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The Sidescrape

sidescrape sidescraping hull down position

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Mindtunnel #1 Posted Oct 10 2012 - 07:50


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I did a quick search through the forums and surprisingly have found little mention of this technique! It is called the sidescrape and can be a very effective tactic on the battle field. It is very effective for tanks with rear mounted turrets but also very useful for mid and front mounted turrets as well. This first image is an example of sidesrcaping.
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As you can see in the image above you rely on your side armor to bounce the incoming shells and for many tanks, requires that you point the rear of your tank towards the enemy. Now why would you ever want to point the rear of your tank towards the enemy and purposely take shots at the side? Because the angle of attack is decreased, thus allow for more shots to ricochet. Not only that, but your tracks will also absorb many shots and people are more tempted to take the shot, since instinct is to shoot at the side of a tank. Another advantage of this is the fact that the side armor of most tanks are flush while the front have weak spots; such as, drivers view port and radio man's turret.

Below are some examples explaining how the angle of attack differs between sidescrapping and the regular corner hull down position.
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As you can see above, with the regular cornering technique, incoming fire approaches at a 55° angle. While with the sidescraping tactic, incoming fire only approaches at a 20° angle.
Now keep in mind this tactic should not be used in close quarters, unless driving a rear mounted turret, as it would be difficult to face the front of your hull towards the enemy if he decides to further approach. Sidescraping is most effect behind a rock, or other obstacle, in a fairly open area.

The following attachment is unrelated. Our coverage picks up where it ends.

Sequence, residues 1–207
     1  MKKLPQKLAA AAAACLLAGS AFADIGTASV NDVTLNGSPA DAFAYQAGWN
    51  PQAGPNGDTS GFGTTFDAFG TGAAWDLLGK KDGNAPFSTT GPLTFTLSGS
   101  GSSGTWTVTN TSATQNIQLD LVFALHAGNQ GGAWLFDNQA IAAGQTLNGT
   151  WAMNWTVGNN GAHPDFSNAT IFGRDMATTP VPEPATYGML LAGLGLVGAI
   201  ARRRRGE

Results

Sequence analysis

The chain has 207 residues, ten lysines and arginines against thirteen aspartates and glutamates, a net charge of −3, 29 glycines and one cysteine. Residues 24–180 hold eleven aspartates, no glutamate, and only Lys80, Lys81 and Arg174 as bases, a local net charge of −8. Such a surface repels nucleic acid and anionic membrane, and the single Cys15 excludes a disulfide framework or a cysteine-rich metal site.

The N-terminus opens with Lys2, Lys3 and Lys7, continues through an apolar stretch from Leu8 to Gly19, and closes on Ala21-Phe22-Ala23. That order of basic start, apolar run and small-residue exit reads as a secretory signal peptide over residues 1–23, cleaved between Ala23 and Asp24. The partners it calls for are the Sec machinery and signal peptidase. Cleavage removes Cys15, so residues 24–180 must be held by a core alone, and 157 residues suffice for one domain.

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As you can see enemy fire would be coming at you from a very sharp angle, whilst you have a clear shot at both of them. I have deflected 21 out of 22 shots with this method using a KV-1 in a Teir VII match. With Wargaming's claims of a near future decrease in bullet normalization this tactic will increase in effectiveness. While this method takes some time to get used to and may become frustrating at first, as you might expose your rear by accident, once mastered can be very rewarding.

Edited by Mindtunnel, Oct 10 2012 - 11:26.

Superaman #2 Posted Oct 10 2012 - 07:55

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This technique will be used a lot with that tier 10 Brit Heavy, nice post!

Eidolone #3 Posted Oct 10 2012 - 08:36

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It's a great technique for vehicles that have relatively thick side armor.  E-100, Maus, KV-4 etc all excel at this.  For the tanks that have strong front armor but thin sides this is not recommended.

DamoclesCommando #4 Posted Oct 10 2012 - 09:00

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this tactic has been around a LONNGG time, one of the only ways to play a 4502p dig further into the forums its there

Gath69 #5 Posted Oct 10 2012 - 09:38


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Yeah referred to most oftenly as the reverse peekaboo.  Essential for the German Heavies, but like you said can be used on just about anything as you still have a good chance your tracks absorb a shot or a bounce due to extreme angles.  Its the only way the 4502P is worth a damn and very nice on the KT, E-75 and of course the Maus and IS lines.

SouthboundPachyderm #6 Posted Oct 10 2012 - 14:59

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When the IS-4 was first moved to tier X this was a very viable tactic for keeping it (and the driver) alive.  The only downside to the positioning is that it puts you further away from your hard cover and more likely to take artillery splash.

Edited by kraftinator, Oct 10 2012 - 15:00.

Also tagged with sidescrape, sidescraping, hull, down, position

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